August 18, 2019

Current environmental issues

By Jessica Cantrell

Climate change is the great environmental challenge we face today. Although since the early 1980s it was already beginning to be mentioned as a serious threat to the planet, it has not been until recently that we have begun to be aware of its magnitude and the effects it could generate in the medium and long term. Do you know what effects we are talking about?

It is not only the progressive degradation of the ozone layer by greenhouse gases that is at issue. Nor is it the rise in temperatures or the disruption of the planet’s natural cycles. It is much more than that!

In fact, when we talk about climate change, we are referring both to its most direct symptoms and to the secondary or collateral effects that it can generate, sometimes much more harmful than the former. Today, in the next post, we propose to tell you about them in detail.

Climate change, poverty and inequality

In addition to the irreversible environmental damage, climate change also has a direct impact on the migratory movements that we are currently observing in various parts of the planet, as well as on food crises, territorial wars or increased inequality, to name but a few.

In fact, we could think of a category that encompasses new environmental issues that notoriously affect the well-being of thousands of people around the world. How about that? Let’s look at some of them:

Disappearance of water sources

The high temperatures have caused the drying up of rivers, lakes, lagoons and other water sources that for centuries were indispensable for the survival and development of entire peoples. Many of those that remain are contaminated, as are the oceans and coasts. This could also explain the gradual abandonment of some areas by millions of families, the expansion of deserts and the increasing migration to large urban centres. Water is a source of life and prosperity.


Neither the land, nor the air, nor the other resources are of the same quality as a few years ago. Greenhouse gases have deteriorated these resources and forced many people to abandon activities related to agriculture and food production in a natural way.


Every year thousands of miles of forest disappear around the world. It is estimated that, since 1990, more than half of the forests we see now have been destroyed. In addition, trees are dying at an accelerated rate due to air pollution, drying up of nearby water sources and sudden changes in temperature. In very few cases are there alternative programmes for planting, replanting and protecting arable land.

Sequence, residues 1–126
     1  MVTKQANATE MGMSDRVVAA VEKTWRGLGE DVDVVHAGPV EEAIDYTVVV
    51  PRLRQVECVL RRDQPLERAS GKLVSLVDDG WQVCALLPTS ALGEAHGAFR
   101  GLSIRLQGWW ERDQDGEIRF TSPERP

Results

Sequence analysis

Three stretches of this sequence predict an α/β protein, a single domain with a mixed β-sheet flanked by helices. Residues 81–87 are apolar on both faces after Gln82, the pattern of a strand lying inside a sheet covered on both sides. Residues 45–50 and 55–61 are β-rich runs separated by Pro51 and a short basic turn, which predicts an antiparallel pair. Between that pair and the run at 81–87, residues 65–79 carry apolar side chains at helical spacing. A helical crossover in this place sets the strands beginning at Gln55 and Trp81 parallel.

Over-exploitation of natural resources

Natural resources will soon be insufficient for the survival of the people who inhabit the Earth. Over-exploitation of resources, irresponsible consumption and the increase in the world’s population, which has tripled in the last 60 years and continues to grow at a rapid pace, are the main causes of this depletion.

The available water and energy will not be able to meet these needs. Furthermore, the exploitation of these resources continues to be in the hands of companies from developed countries that generate little profit where they are extracted, increasing inequality and forcing many people to leave their place of residence in search of areas more suitable for survival.

Use of chemical fertilizers and artificial cultivation methods

Droughts, hurricanes and other environmental phenomena prevent the production and cultivation of food under normal conditions. In order to remedy these effects and increase production, natural production methods have been replaced by artificial ones in which the use of chemicals predominates. These cultivation methods make food of poorer quality and adversely affect our health and that of the environment, as they pollute food, soil and air.

Are there solutions to today’s environmental problems?

As you may have noticed, all the causes and consequences of climate change are interrelated and affect our health and well-being to a greater or lesser extent. What is our role, then, as inhabitants of the planet?

It is difficult to speak of a single solution to curb the major environmental problems currently afflicting the Earth. However, we can talk about an essential first step to do so: the awareness that as inhabitants of the world we are entitled to.

Awareness of what? Basically of our relationship with the environment and nature, which is made manifest in the articles we buy, the trade networks we support and the initiatives that individually and socially come out ahead.

We talk, for example, about carrying out sustainable agriculture that conserves natural resources, responsible consumption based on real needs, care of ecosystems, reduction of waste and recycling, reuse of all those materials and products that we no longer use, among other options.

It is also important to avoid as much as possible the use of fuels that generate greenhouse gases, the use of chemicals or preservatives and, of course, to reinforce environmental education from an early age.